24. 24. How Companies Are Uncovering Counterfeits Returned as Defective 1261 Discovered Defective Parts/Poor Performance 1116 Markings, Appearance, Condition of Parts 929 Notification by OCM 835 Testing 776 Customer Suspected Part Was Counterfeit 693 Notification by US Customs 604 Self-Initiated Investigations 341 Notification by OEM 180 Returned as Wrong Merchandise 50 Absence of Original Documentation 15 Returned as Excess Inventory 8 Notification by GIDEP 6 Notification by DLA 6 Notification by Other US Government Agencies 3 Notification by Non-US Government Agency 3 Other 2Unauthorized Overrun by Contract Manufacturers U.S. Department of Commerce – 0 200 400 600 800 1000 1200 1400 Preliminary Data (as of March 4, 2009)
  25. 25. Product Impact What “failed parts” mean to NASA Schedule slippage Cost Increase Reduced performance Poor reliability Product failure • Personnel Safety • Mission Success • National Interests Decline in mission readiness25
  26. 26. What We are Up Against - Bogus Test Reports - 19% of companies employing testing contractors had problems with U.S.- based firms concerning faulty or forged testing.- The parts were cleared by the testing house, but were later found to be counterfeit by the customer. U.S. Department of Commerce February,26 2009
  27. 27. What We are Up Against - New Blacktopping Techniques- Exemplar Top Surface Suspect Top SurfacePure Acetone / 7 Day Soak- No Affect New Blacktop Material Can Only Be Removed With an X-acto Knife
  28. 28. What We are Up Against - New Etching Techniques- We of course run a lab and we could see that the surface had been etched, how???. This unfortunately is not the first time we have seen this type of damage. IT IS A FORM OF PLASMA ETCH!!! We do not have any detail of how, use your imagination, at any rate these parts have had the marking etched away, this way it saves them from sanding, then blacktopping, and finally remarking. They simply etch and remark Yes these are the same surfaces28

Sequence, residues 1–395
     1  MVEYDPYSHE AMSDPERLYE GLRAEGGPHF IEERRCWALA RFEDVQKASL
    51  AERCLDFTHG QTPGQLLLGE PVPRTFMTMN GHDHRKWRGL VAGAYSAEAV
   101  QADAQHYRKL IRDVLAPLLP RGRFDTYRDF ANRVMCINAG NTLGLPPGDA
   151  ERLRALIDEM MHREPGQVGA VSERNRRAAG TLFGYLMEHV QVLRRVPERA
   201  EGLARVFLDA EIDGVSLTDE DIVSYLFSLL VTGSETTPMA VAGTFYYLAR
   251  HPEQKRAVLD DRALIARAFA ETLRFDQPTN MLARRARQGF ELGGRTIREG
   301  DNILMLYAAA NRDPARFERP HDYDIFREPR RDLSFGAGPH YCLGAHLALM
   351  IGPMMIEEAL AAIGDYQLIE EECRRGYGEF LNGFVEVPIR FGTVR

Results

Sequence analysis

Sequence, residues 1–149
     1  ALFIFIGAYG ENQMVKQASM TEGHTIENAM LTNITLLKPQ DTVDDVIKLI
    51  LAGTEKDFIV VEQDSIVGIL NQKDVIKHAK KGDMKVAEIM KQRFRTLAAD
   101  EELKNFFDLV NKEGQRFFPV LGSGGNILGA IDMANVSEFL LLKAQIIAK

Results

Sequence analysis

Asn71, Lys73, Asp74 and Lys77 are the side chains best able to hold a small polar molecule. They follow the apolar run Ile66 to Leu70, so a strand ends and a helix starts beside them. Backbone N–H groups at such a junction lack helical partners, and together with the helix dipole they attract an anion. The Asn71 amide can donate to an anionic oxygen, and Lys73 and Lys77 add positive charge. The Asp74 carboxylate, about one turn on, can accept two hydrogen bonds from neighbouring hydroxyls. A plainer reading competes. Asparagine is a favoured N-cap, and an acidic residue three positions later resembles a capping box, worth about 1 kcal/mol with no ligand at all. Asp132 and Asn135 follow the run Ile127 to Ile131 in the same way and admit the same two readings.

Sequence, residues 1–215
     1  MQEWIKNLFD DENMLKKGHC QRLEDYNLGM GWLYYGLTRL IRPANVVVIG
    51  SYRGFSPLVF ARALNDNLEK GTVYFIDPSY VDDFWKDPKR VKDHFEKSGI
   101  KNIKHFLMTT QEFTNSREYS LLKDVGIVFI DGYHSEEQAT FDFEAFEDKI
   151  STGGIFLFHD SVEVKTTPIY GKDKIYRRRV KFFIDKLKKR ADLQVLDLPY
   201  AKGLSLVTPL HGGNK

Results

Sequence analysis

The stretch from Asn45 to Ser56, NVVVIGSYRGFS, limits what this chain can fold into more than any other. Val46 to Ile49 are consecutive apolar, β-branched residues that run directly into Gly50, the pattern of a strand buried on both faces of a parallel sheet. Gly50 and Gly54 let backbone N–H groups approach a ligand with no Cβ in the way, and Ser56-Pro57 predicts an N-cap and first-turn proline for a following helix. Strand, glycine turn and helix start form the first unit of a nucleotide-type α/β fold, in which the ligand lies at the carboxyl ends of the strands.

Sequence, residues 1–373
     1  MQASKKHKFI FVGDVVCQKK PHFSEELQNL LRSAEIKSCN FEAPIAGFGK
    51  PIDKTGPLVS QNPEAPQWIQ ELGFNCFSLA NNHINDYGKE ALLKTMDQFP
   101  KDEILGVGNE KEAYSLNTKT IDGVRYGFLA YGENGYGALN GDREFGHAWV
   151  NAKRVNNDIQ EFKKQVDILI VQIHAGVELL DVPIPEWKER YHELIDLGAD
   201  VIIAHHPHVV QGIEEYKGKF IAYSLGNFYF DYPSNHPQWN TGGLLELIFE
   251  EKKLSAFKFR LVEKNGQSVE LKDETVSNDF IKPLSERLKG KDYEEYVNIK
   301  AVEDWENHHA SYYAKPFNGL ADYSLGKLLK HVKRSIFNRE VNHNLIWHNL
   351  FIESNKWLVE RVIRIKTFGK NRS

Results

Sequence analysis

29. 29. Solutions
  30. 30. Work Groups Training Conferences TechnicalCommittees Help Resources Government Regulations SAE G-19 Standards
  31. 31. Quality is free. It is not a gift, but it is free. What costs money are the unquality things– all the actions that involve not doing things right the first time. Philip B. Crosby
  32. 32. The Cost of UnqualityCorrective Action Rework Scrap Re-TestingTroubleshooting Repair Re-Inspection Corrective Action Reports & Investigation Processing Engineering Labor for manufacturingFailure Analysis Replacement materials Change Proposals replacements Handling and Material for extra Storage for extra inventory transportation for extra inventory inventory
  33. 33. Cost Impact(actual example) Cost of Parts + Test - $90K Reliability Labor to Testing replace •$57K suspect chips •$30,000 Change parts in field •$70KTotal cost: >$250,000
  34. 34. What is the AS5553 Standard? •Government •Industry Members •Industry Associations •Formed September 2007 G-19 •Convened weekly on “fast-track” course Committee •Address aspects of preventing, detecting, responding to and counteracting the threat of counterfeit electronic components (EEE parts) Charter •Develop Standard(s) suitable for use in aeronautic, space, defense, civil and commercial electronic equipment applications to mitigate the risks of counterfeit electronic components Objective Incorporates Succinct Requirements and Guidance: •Counterfeit Electronic Parts Control Plan •Component ManagementAerospace •ProcurementStandard •Test/Evaluation Methods AS5553 •Response strategies when suspect or confirmed counterfeit components are detected.
  35. 35. SAE International AS5553 Counterfeit Electronic Parts;Avoidance, Detection, Mitigation, and Disposition …increasing volume of counterfeit electronic parts … posing significant performance, reliability, and safety risks.